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For relative beginners, Bayesian techniques began in the 1700s to model how a degree of belief should be modified to account for new evidence. The techniques and formulas were largely discounted and ignored until the modern era of computing, pattern recognition and AI, now machine learning. The formula answers how the probabilities of two events are related when represented inversely, and more broadly, gives a precise mathematical model for the inference process itself (under uncertainty), where deductive reasoning and logic becomes a subset (under certainty, or when values can resolve to 0/1 or true/false, yes/no etc. In "odds" terms (useful in many fields including optimal expected utility functions in decision theory), posterior odds = prior odds * the Bayes Factor.
For context, I'm the lead scientist at IABOK dot org-- we design algorithms for huge data mining problems and applications. This text is our "go to" reference for programmers not up to speed in many of the new pattern recognition algorithms, including those writing new versions. All the most recent relevant models, from a probability standpoint, are represented here, with a clarity that is stunning. My only criticism (a mild one) is that, when applying Barber's examples to Bodies of Knowledge and data mining, he skips Prolog, backward chaining, predicate calculus and other techniques that are the foundation of automated inference systems (systems that extend knowledge bases automatically by checking whether new propositions can be inferred from the KB as consistent, relevant, etc.).
In the next 20 years, algorithms will rule this planet. If you either want to see the future of your grandkids, or participate in it if you're young, this is a MUST HAVE exploration of where what we used to call AI is now headed. There IS plenty of calculus in this volume, so don't mistakenly think it is "simple" -- but if you put the time in, you can "get it" even if you're a bright undergrad level thinker. The author's goal of training new algorithm programmers is laudable and right on point for where pattern recognition is headed.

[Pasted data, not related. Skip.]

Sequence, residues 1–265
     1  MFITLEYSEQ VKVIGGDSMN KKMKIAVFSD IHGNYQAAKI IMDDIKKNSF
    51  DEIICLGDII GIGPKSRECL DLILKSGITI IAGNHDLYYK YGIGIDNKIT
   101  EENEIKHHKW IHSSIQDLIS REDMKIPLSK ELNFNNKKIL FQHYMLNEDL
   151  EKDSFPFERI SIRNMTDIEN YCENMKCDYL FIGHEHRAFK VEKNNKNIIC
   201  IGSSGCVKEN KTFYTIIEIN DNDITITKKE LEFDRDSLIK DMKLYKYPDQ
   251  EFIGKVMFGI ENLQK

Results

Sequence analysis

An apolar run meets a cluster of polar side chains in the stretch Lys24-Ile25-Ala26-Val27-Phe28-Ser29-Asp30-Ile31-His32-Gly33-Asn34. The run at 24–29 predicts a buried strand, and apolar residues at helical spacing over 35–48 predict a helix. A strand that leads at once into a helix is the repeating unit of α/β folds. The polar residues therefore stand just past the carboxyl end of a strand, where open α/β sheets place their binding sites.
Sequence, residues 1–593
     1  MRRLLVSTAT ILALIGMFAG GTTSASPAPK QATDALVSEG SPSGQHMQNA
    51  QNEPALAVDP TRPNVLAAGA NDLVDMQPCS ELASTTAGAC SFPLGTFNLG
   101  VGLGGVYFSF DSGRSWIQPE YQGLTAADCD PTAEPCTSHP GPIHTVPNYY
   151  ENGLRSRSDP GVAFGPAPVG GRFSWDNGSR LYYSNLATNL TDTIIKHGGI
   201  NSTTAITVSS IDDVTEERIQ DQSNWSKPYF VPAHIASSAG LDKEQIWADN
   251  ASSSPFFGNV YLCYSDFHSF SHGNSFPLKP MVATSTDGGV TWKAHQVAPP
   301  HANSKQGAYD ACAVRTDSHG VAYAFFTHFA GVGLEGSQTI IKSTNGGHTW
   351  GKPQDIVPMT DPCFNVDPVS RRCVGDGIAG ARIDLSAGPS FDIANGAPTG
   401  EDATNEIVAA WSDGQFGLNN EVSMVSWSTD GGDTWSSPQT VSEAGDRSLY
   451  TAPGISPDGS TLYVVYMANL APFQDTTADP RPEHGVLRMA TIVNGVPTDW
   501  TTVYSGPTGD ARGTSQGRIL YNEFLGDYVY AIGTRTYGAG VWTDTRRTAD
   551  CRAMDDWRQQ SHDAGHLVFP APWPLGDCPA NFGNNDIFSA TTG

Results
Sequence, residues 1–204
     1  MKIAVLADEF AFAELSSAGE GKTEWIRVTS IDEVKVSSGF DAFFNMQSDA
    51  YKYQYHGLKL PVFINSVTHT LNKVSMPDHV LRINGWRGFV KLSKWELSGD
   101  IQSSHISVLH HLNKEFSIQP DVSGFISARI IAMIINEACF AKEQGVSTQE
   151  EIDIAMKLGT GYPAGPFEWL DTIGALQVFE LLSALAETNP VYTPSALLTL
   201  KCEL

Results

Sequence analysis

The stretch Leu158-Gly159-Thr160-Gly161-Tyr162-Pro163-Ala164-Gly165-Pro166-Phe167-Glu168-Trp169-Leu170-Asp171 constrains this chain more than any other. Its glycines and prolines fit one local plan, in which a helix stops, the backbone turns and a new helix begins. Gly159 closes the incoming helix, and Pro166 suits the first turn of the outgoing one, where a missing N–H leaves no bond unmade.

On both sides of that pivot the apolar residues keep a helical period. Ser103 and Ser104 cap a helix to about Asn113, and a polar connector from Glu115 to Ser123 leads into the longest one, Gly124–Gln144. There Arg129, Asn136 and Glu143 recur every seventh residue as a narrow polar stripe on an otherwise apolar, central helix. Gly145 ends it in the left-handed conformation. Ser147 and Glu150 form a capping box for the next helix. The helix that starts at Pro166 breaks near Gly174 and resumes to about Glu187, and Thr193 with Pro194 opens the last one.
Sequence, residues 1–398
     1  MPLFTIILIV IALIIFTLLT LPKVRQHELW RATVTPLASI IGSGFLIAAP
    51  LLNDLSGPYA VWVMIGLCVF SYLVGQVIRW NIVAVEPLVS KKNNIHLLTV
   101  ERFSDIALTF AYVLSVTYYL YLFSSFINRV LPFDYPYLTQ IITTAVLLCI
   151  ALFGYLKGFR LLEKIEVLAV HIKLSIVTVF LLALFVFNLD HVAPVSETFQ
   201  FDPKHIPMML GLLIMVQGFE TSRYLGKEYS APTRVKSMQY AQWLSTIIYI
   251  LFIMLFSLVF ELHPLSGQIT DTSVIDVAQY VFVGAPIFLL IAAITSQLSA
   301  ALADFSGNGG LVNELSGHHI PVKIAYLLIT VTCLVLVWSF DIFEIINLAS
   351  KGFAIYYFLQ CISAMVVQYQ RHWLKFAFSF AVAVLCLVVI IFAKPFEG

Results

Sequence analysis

With this amount of math, how can we star it high for self study? Easy: unlike most "recipe" books that just give bushels of codes or techniques, the authors here give the what, where when and why of both code and math, not just the how, as their goal is independent, creative contributors who can write their OWN algorithms. There are a few minor UK vs US differences in terminology also (event space instead of sample space, for example), but they expand the reader's horizon rather than distract or annoy as some others do. There are others like Bishop and many more that have more recipes, and more compact and difficult math, but you have to either be really good (just show me the recipe) or really bad (I don't know what I'm doing, but can follow this recipe) to benefit from them. This is a happy middle ground that does not disappoint.
One aspect somewhat lacking is a more systematic treatment of computational complexity, given that this and similar books are read by practitioners who need to code, modify or analyze code implementations.